Chemistry in Chemical Engineering

<p>In my AP Chemistry class, the units I enjoyed the most were gases, kinetics, thermodynamics, and electrochemistry. The units I enjoyed the least were inter-molecular forces, equilibrium, and electron shells. How much of each unit is used in a typical chemical engineering curriculum?</p>

<p>You're going to get lots of thermodynamics, and you might do a full course on electrochemistry.</p>

<p>thanks steevee!</p>

<p>bump bump</p>

<p>Just look at the curriculum of a school that you will consider attending. </p>

<p>eg. UMich's</a> ChE curriculum</p>

<p>hey kid, here is something for you to read on Chemical Engineering in college:</p>

<p><a href="http://www.princeton.edu/che/undergrad/Undergrad_Handbook.pdf%5B/url%5D"&gt;http://www.princeton.edu/che/undergrad/Undergrad_Handbook.pdf&lt;/a&gt;&lt;/p>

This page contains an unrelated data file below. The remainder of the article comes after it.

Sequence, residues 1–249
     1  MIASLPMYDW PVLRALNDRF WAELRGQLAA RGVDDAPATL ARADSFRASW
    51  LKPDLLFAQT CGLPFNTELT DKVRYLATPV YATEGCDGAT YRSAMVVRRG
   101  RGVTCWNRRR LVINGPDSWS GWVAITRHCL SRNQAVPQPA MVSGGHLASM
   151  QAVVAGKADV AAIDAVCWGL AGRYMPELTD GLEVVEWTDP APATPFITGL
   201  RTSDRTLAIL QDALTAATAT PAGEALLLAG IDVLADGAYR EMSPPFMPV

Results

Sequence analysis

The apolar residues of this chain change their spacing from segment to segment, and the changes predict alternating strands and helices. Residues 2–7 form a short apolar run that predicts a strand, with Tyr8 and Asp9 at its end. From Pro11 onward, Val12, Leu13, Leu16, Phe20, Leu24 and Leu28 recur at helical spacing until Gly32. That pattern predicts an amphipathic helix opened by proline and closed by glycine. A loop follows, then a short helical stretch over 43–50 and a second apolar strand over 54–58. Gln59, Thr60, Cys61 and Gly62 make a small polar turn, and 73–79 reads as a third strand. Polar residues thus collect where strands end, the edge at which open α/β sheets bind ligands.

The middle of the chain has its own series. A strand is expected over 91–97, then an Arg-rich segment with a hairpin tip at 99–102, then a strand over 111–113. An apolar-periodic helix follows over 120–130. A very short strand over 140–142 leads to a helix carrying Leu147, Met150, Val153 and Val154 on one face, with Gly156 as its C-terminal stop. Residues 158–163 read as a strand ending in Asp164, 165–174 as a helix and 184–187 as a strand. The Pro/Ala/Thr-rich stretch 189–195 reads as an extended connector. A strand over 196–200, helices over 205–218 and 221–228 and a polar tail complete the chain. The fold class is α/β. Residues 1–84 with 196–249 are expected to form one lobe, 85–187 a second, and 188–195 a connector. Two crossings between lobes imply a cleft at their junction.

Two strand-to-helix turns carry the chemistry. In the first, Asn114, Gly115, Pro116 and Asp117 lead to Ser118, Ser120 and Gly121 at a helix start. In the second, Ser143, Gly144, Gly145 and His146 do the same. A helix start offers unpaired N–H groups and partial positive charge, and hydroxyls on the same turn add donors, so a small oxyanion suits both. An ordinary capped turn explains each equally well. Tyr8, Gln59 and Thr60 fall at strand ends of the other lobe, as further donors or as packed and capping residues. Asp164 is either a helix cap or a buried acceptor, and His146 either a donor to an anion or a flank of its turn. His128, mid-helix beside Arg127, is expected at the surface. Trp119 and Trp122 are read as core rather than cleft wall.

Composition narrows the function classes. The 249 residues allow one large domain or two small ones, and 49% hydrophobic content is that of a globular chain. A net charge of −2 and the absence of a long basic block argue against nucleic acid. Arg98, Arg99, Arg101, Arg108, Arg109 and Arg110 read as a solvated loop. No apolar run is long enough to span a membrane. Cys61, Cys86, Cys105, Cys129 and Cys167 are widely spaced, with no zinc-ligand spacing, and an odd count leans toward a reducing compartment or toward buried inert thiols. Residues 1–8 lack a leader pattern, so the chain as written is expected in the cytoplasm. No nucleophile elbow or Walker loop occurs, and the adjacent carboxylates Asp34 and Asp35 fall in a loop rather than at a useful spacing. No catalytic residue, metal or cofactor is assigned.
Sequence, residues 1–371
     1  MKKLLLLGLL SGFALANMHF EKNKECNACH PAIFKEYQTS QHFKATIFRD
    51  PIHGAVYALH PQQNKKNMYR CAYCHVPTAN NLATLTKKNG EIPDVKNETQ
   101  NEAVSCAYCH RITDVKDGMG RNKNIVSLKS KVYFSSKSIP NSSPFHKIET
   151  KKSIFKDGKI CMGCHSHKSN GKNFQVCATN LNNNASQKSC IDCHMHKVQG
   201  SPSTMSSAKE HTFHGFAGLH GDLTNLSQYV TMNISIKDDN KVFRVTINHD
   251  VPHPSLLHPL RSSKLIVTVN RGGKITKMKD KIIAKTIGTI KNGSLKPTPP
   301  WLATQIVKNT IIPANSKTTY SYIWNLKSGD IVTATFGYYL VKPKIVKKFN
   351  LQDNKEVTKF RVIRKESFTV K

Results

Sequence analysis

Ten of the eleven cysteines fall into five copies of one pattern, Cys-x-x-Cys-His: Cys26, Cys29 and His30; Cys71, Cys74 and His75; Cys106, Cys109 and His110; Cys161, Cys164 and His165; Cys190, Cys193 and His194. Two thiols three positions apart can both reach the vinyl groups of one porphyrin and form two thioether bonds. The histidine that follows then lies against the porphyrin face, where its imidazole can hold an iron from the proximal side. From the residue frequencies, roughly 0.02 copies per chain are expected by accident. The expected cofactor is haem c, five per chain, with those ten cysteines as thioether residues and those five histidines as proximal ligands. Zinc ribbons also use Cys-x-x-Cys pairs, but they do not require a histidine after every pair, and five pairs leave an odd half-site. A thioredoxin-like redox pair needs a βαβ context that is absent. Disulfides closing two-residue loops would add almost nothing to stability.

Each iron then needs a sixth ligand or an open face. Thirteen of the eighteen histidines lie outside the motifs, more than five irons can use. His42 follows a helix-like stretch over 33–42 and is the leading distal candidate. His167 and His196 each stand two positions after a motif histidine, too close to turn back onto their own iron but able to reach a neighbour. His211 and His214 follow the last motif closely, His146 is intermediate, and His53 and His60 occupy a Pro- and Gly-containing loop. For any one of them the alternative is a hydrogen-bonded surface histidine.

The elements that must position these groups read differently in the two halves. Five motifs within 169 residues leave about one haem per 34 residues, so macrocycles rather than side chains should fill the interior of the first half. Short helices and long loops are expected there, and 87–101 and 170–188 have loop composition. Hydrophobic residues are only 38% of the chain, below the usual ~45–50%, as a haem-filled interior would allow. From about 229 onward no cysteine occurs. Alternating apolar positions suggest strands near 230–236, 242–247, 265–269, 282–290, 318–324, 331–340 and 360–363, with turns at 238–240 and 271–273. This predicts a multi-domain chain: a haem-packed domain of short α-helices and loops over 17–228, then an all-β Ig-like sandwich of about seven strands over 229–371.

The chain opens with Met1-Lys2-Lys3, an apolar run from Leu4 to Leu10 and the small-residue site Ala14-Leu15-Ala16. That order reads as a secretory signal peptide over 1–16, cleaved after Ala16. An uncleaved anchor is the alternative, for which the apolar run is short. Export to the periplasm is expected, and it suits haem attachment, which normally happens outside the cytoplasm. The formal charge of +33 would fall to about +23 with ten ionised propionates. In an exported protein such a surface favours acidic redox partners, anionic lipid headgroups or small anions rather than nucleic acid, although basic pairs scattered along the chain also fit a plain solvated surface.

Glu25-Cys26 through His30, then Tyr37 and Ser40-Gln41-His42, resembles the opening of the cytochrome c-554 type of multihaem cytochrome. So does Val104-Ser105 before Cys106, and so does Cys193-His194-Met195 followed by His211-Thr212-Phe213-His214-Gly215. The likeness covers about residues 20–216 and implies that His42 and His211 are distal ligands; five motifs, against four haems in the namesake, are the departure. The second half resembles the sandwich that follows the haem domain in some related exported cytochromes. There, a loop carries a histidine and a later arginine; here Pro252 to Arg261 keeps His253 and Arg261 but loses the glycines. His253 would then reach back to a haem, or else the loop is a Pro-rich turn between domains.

<p>Thanks JohnAdams! Princeton students sure are lucky to get such a detailed handbook for their major!</p>

<p>In my curriculum and a few other schools', the course description sound deceptively Chemistry-ish.(Chem this, Chem that) But I heard on cc it's actually many more Physics principles in disguise. Sorry OP, not sure if that helps</p>

<p>This freaks me out a bit because the parts of AP Chem that I enjoyed the most were chemical bonding, molecular geometry, intermolecular forces, and equilibrium. I did alright in thermodynamics and was pretty darn meh in electrochemistry.</p>

<p>I'm only a rising sophomore in ChemE right now, but I figured I am taking Orgo this coming year and I still have time if I want to switch to pure chemistry.</p>